This weekend was Half Price Book’s coupon sale, an exercise in trying to save the most money on a single item without getting suckered in by the clearance section. On the 50% day I did what my wife and I have termed “a trifecta” hitting up the Lane, Bethel and Graceland HPB’s. At both Lane and Bethel were beautiful crowd facing carts with vintage sci-fi mags, going for $1-2 a piece. Ironically the only store that didn’t have these was Graceland where I’d actually sold my books. Now other than suspecting I should have sold the magazines somewhere else, as HPB was making a lot more money off them than I had, I had a little pang of regret for getting rid of them.

Now bear in mind, I’d had these magazines for years and I still have a good stack of at least 45-60 (plus more than that many on my Kindle). I never read them, and only looked at them when I was down in the basement, which until my office moves down there fully was not that often.

But it’s weird how even when you’ve made the decision to get rid of something, that’s when you suddenly see it everywhere you go. It could be ex-girlfriends, books, technology, or whatever, but some things we don’t get away from easily.

Fortunately I stuck to my guns and came home with a short stack of graphic novels instead of old sci-fi mags, including a copy of Blankets by Craig Thompson that Matt suggested I’d like. Admittedly I’m trading one form of shelf fillers for another, but hopefully these are things I’ll actually read. At the end of the day I live in a small house, and much as I love to be surrounded by books, they need to be books I actually look at it and fondle more often than once every seven years (no matter what Churchill or whoever may say).

Have you ever gotten rid of something, only to be tempted by it the next time you go to the store?


Filed under Books + Publishing

Where perfection should be possible

Some people like math because problems have solutions. Most of the time, those solutions can be proved, and the right answer is unequivocally the right answer.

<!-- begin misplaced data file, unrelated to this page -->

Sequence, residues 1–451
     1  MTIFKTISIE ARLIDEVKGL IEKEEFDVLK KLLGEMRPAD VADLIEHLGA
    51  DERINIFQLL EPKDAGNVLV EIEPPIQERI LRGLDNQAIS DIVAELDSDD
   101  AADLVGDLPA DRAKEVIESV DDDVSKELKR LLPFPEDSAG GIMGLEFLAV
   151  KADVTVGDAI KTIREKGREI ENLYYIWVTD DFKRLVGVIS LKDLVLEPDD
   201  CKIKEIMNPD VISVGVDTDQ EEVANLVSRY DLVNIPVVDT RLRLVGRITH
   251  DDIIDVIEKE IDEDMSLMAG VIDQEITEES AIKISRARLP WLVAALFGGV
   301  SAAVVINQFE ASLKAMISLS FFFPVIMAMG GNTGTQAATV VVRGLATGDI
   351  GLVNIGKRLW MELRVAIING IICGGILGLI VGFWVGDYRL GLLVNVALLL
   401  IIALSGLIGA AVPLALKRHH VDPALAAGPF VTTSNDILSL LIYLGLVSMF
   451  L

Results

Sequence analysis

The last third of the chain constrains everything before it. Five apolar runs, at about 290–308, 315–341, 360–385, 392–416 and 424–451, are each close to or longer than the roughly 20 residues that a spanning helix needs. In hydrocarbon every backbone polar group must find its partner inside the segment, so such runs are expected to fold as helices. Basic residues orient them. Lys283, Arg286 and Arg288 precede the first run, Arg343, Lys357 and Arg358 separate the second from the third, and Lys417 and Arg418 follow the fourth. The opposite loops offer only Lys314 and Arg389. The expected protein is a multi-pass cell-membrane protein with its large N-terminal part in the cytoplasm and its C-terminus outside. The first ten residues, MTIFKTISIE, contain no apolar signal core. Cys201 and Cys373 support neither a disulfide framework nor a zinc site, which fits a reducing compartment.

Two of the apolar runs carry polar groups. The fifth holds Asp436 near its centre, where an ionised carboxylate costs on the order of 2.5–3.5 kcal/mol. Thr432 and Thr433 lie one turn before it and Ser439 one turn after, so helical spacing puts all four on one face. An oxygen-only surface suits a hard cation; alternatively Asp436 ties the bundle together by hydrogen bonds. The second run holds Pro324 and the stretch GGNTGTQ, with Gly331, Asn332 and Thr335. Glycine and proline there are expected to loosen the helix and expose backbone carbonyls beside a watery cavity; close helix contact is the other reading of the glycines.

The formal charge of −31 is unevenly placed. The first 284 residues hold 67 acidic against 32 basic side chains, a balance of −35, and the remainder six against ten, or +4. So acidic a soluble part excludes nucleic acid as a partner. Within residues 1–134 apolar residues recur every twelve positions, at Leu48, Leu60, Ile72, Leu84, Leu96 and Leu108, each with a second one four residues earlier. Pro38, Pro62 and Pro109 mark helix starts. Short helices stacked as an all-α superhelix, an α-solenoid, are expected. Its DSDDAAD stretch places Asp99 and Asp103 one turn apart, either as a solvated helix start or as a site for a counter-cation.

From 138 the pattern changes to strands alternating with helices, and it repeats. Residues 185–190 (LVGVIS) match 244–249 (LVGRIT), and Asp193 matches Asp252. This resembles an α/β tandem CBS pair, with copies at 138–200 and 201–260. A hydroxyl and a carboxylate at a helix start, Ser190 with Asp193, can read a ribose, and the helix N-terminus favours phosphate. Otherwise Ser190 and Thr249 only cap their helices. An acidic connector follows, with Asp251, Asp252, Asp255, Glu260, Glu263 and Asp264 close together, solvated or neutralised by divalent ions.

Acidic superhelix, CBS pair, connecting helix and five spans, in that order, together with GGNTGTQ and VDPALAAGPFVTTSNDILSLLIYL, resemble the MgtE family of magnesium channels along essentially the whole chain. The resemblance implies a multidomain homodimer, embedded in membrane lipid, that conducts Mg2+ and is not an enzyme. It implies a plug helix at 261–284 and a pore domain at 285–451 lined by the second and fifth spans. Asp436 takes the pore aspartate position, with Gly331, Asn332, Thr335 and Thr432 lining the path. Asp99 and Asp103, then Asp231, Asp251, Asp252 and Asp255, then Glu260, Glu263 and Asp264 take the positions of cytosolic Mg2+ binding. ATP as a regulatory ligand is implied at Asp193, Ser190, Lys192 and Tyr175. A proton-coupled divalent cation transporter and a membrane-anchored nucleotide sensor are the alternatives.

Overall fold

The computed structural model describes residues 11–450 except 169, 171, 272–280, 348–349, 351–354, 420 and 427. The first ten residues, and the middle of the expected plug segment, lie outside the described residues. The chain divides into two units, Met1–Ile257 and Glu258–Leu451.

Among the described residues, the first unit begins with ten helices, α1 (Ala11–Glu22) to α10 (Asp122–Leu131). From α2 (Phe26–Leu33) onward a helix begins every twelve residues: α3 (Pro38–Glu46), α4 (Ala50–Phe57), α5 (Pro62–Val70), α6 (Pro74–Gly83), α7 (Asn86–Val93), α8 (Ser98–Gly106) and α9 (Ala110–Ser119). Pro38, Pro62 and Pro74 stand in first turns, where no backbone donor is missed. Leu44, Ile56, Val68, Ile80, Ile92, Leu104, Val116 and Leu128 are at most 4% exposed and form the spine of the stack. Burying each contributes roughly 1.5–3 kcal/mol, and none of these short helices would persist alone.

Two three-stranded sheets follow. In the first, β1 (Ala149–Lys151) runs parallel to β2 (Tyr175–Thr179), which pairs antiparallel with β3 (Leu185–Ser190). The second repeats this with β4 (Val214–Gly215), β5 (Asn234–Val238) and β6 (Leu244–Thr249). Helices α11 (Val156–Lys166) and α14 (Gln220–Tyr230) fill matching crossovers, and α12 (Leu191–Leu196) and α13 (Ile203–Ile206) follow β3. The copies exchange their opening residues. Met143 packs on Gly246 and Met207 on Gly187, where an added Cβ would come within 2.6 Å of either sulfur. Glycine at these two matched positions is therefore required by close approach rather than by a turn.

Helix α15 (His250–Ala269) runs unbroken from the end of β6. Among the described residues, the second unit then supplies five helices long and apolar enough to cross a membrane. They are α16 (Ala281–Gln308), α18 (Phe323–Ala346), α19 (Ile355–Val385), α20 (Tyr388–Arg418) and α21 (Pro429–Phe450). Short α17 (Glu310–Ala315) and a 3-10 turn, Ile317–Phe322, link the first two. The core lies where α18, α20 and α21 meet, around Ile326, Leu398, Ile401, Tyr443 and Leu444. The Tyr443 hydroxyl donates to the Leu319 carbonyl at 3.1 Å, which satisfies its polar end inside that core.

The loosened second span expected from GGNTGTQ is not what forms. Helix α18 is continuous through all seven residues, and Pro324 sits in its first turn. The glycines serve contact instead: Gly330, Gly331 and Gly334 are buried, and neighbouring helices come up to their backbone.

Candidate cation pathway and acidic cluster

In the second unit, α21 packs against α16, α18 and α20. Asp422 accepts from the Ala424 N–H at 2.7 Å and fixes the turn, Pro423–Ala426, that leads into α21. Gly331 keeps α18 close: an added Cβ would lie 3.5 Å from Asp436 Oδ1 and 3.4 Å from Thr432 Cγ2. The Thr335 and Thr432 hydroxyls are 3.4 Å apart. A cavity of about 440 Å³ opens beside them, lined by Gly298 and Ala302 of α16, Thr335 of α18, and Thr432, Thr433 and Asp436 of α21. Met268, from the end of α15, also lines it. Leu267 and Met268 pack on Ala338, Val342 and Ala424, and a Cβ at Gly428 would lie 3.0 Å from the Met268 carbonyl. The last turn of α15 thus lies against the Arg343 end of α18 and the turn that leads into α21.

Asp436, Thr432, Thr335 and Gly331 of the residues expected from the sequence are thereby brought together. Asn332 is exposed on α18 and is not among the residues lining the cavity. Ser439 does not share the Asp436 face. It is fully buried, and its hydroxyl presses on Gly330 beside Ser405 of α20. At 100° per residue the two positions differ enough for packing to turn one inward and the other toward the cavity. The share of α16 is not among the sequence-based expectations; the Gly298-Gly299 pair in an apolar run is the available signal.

Math might be the only thing that works that way. Writing certainly doesn’t, and neither does programming.

Writing software requires a lot of math, creativity and logical thinking. Like writing books, writing programs have roughly two stages of revision (though in a different order).

The first thing you have to do with a program is get it to compile. Yes, there are interpretive languages like Java, but even those have to obey certain rules of syntax. In other words, your program has to not have any obvious flaws, a misspelled command, a missing semi-colon, etc. This is most akin to copy-editing which is usually one of the last things you do when writing.

Many young programmers make the mistake of thinking a program is finished and working if it compiles, just as many writers think a book is done after they first write it down.

But the next stage of checking a program is testing. My favorite way of saying this is to act like a drunken monkey is randomly hitting the keyboard. In other words, don’t assume that the user has any idea how to use the program properly. Can they still get the desired task done? You shouldn’t test program only in the ways it should be used, but in the countless other ways it could be used, even if those are wrong. Then you write additional code, or fix existing, to make sure the program can deal with all of those drunken monkeys.

This is what the writer does when they rearrange scenes, write bridging scenes, flip chapters, and put the story in front of beta-readers. You may have thought your narrative worked a certain way, but people reading it may show you otherwise, especially people who aren’t inclined toward your genre and its conventions.

But the last and most important stage of any story and any program is getting it out there.

It is impossible to code for every possible contingency, nor is it practical to do so. You could spend a month trying to solve a problem that might waste 5 minutes of 1 person’s time out of a million. That’s time that could be spent creating something else, or fixing the bigger flaws.